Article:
April 2011
Volume 52, Issue 14
ARVO Annual Meeting Abstract  |   April 2011
Uncorrected Astigmatism And Computer Vision Syndrome
Author Affiliations & Notes
  • Mark Rosenfield
    SUNY College of Optometry, New York, New York
  • Jennifer Hue
    SUNY College of Optometry, New York, New York
  • Rae Huang
    SUNY College of Optometry, New York, New York
  • Yuliya Bababekova
    SUNY College of Optometry, New York, New York
  • Footnotes
    Commercial Relationships  Mark Rosenfield, None; Jennifer Hue, None; Rae Huang, None; Yuliya Bababekova, None
  • Footnotes
    Support  None
Investigative Ophthalmology & Visual Science April 2011, Vol.52, 2815. doi:
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      Mark Rosenfield, Jennifer Hue, Rae Huang, Yuliya Bababekova; Uncorrected Astigmatism And Computer Vision Syndrome. Invest. Ophthalmol. Vis. Sci. 2011;52(14):2815.

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      © ARVO (1962-2015); The Authors (2016-present)

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Purpose: : Computer vision syndrome (CVS) is a complex of eye and vision problems related to computer use which has been reported in up to 90% of computer workers. Ocular symptoms may include asthenopia, accommodative and vergence difficulties and dry eye. Previous studies have reported that small uncorrected refractive errors may have a significant impact on symptoms of CVS. However, their effect on task performance has not been determined.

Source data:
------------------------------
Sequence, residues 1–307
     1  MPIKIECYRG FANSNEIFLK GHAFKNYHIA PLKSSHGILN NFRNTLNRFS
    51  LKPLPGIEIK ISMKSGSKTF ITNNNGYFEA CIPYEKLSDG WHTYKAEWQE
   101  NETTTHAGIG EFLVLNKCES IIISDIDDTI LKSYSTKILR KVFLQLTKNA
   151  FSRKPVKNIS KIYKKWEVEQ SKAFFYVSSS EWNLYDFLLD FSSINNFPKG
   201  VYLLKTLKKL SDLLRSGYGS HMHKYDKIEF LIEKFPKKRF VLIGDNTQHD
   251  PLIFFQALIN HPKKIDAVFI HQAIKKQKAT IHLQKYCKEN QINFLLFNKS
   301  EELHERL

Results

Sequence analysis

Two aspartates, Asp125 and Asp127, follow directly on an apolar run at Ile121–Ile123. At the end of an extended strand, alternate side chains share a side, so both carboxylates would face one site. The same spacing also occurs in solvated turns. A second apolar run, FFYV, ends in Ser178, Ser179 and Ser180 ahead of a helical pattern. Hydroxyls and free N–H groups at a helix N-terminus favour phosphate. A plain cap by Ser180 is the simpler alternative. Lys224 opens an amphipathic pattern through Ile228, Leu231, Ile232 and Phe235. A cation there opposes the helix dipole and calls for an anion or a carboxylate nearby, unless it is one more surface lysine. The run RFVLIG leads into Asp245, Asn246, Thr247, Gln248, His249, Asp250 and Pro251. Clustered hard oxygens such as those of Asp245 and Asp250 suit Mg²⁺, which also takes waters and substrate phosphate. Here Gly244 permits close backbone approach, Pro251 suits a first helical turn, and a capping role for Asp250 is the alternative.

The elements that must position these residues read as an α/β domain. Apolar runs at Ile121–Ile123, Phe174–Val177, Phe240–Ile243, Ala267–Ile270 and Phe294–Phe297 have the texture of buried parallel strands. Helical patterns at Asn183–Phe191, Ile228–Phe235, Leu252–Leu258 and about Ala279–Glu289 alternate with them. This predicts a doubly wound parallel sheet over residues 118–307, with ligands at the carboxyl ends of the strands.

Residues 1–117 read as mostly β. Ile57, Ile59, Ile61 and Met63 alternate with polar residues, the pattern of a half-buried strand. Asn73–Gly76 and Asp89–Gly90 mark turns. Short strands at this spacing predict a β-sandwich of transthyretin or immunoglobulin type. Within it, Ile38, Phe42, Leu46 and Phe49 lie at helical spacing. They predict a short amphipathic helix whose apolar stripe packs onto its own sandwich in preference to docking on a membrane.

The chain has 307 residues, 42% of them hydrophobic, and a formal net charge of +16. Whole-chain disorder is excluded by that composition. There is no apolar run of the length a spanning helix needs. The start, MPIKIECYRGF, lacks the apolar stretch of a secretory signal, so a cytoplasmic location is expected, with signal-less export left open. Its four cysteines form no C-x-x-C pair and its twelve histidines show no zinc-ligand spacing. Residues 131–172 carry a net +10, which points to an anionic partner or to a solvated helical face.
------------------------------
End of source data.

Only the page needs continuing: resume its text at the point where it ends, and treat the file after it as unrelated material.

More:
Methods: : This study recorded symptoms after a sustained period of reading paragraphs of unrelated words from a computer monitor (viewing distance = 50cm) either through the habitual distance refractive correction or with a supplementary -1.00 or -2.00D oblique cylinder added over these lenses in 12 young, visually-normal subjects. Additionally, the distance correction condition (without induced astigmatism) was conducted twice to assess the repeatability of the symptom questionnaire. Subjects’ reading speed and accuracy were monitored during the course of the 10 min trial.

Results: : There was no significant difference in reading speed (mean speed = 109.9 words/min) or number of errors (mean error rate = 1.09/min) between the 3 astigmatic conditions. However, increasing astigmatism produced a significant rise in symptoms. Mean symptom scores for the 0, 1 and 2D astigmatic conditions were 0.43, 0.97 and 3.20, respectively (p= 0.000). Further, the 95% limits of agreement of the mean symptom score following the repeated zero astigmatism condition was ±1.25.

Conclusions: : The presence of uncorrected astigmatism produced a significant increase in post-task symptoms but did not affect task performance. The correction of small astigmatic refractive errors may be important in optimizing patient comfort during computer operation.

Keywords: astigmatism • clinical (human) or epidemiologic studies: systems/equipment/techniques • quality of life 

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